Coffee when traveling


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Oct 10, 2014
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Just wondering what you guys do for coffee when traveling. I often take off for a week or to at a time. Now that I'm enjoying my morning coffee ritual I'm wondering what to do when on the road.

I can take most of what I need without a problem but I'm thinking taking my grinder would be a bit much.

Make it a coffee adventure and research the places you are going. Try to find the best roasters and cafes and visit them. Could be inspiring! Just be ready for anything. If you have bad luck, it will just make you appreciate what you have at home that much more.
I always ask at the front desk where there is a good coffee shop. Sometimes I get lucky but more often I am disappointed. It is part of being a road warrior.

(use to bad coffee on the road)
interesting question.
for me, I do not carry around special coffee making equipment when I travel, mainly because I like to travel light. and sometimes I go for 3 weeks to a month at a time, so it is essential to pack very compact.

normally, I research where the great coffee shops are and what they specialize in before I visit a city. (like when I was in Hong Kong 3 weeks ago, I visited about 8 out of 17 best coffee shops in entire Hong Kong, Kind of hobby and profession of mine. I posted most of photos in this forum few weeks ago).

however, when I go to China and stay away from busy downtown, I even carry instant coffee mix, because most of coffee they serve at hotels are really undrinkable. (yes, way worse then instant drink mix)

Currently, I am in Quetzaltenango, Guatemala and at this moment, I am having a great latte from &cafe located at central park. (yes, the company name is &cafe, second largest coffee chain in Guatemala. the biggest one is called Barista cafe)

Today, I will be visiting a coffee farm in Huehue with couple of my Aussie customers and I am sure that we will be cupping some great coffee there.
Absolutely no need to take any instant mix when I come to Guatemala. One of the best coffee countries in the world.
When I was a small boy, early to mid 1950's, my father's work caused us to travel regularly. My mother carried her Sunbeam vacuum pot and her favorite coffee wherever we went. Apparently, I inherited the better-coffee gene from her.

On a six-week road trip to Alaska last summer, with my adult daughter, we made our coffee in an insulated stainless steel Frieling press pot when camping. When staying in hotels, we tried local coffee shops.

My usual MO when traveling is to try to identify promising coffee shops on the Internet ahead of time. Same with beer, I try to sample the local craft beers wherever I go.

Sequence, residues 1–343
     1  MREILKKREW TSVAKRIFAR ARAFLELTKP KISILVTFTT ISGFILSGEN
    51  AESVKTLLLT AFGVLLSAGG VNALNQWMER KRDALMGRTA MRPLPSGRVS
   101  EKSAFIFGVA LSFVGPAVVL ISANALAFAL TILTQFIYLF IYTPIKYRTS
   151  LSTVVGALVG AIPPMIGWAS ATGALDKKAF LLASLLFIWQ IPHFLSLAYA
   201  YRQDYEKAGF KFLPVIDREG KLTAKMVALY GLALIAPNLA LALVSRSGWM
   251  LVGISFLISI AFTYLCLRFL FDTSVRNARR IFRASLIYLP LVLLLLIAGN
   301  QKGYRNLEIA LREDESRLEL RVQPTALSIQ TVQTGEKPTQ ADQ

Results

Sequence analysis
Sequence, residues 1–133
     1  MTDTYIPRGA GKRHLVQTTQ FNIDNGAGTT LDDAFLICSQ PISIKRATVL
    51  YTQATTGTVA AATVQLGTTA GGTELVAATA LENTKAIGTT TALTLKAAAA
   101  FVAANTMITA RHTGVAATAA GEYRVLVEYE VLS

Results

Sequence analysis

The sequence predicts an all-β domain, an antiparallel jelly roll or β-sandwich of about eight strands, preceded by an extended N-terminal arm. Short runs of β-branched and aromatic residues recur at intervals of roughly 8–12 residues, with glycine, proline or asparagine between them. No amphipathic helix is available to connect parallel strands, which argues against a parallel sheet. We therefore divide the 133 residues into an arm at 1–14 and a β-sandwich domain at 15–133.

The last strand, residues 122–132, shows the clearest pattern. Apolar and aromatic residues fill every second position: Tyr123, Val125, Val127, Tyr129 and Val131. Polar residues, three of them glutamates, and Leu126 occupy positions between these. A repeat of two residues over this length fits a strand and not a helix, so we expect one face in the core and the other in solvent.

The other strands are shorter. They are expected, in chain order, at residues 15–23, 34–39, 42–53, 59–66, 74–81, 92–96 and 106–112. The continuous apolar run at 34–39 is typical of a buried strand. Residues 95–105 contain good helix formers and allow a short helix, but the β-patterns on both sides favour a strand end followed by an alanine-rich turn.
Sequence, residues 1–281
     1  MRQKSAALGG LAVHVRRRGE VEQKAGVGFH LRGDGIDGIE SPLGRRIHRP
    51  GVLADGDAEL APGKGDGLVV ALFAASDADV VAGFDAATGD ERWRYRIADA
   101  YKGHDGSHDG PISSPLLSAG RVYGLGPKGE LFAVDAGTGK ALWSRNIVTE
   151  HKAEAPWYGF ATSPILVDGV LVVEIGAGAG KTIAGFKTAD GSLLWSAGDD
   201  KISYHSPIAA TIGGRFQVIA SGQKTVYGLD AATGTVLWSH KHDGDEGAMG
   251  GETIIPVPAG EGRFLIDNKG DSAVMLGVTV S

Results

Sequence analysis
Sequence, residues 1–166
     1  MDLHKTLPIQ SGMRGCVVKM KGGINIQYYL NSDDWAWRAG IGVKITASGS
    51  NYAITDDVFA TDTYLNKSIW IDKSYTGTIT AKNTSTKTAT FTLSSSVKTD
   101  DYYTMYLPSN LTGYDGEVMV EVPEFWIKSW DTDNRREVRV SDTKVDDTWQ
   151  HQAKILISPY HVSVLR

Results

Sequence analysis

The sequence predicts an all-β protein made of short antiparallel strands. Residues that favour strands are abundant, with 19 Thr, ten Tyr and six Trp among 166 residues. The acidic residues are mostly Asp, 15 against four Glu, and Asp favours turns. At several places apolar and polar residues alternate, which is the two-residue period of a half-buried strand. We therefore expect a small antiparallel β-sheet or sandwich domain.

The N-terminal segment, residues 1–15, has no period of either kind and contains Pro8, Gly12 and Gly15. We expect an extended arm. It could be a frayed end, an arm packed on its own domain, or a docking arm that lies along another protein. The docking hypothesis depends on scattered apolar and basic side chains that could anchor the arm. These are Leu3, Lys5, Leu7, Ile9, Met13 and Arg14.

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I travel w/ an Aeropress, Porlex Mini. . .
While I don't really travel much, but when I do that above combination works fine.


When I went back home to Hawaii this is what I brought with me to make Affogato al Caffè for my cousins:

The portable HandPresso Wild Hybrid works just fine for what it was intended for.

Enjoy! :coffee:
When I travel I am always checking the proper cafes in advance. The best is if you have some friend living there. When I went to Paris, I visited a friend and we went to some great cafes thanks to him.
Most hotels have the capability to, at the very least, make hot water. I usually pack an Aeropress and a pre-grind (which I never do at home). I also like to try new places and sometimes even base my hotel location decisions around coffee places I want to try. I will call shops ahead of time and ask who their roaster is. All about research. I like the idea of a manual grinder. I think I'll put that on my wish list.
The zombie thread, back to life after nine years!

Since I posted years ago about using a French press while road-tripping to Alaska with my daughter, my coffee practice while traveling has changed completely. My wife and I, who do long road trips regularly, thought rarely good and often terrible hotel coffee was about the worst part of the experience. We have started traveling with a Clever Dripper. We just packed a Rubbermaid container with all the necessary stuff and it goes easily in an out of hotels with our luggage.

Our solution does impact our departure times in the morning but, at this point, we no longer drive long, hard days anyway. We actually find the pleasure and pace of our days impacted positively rather than detrimentally. YMMV, of course.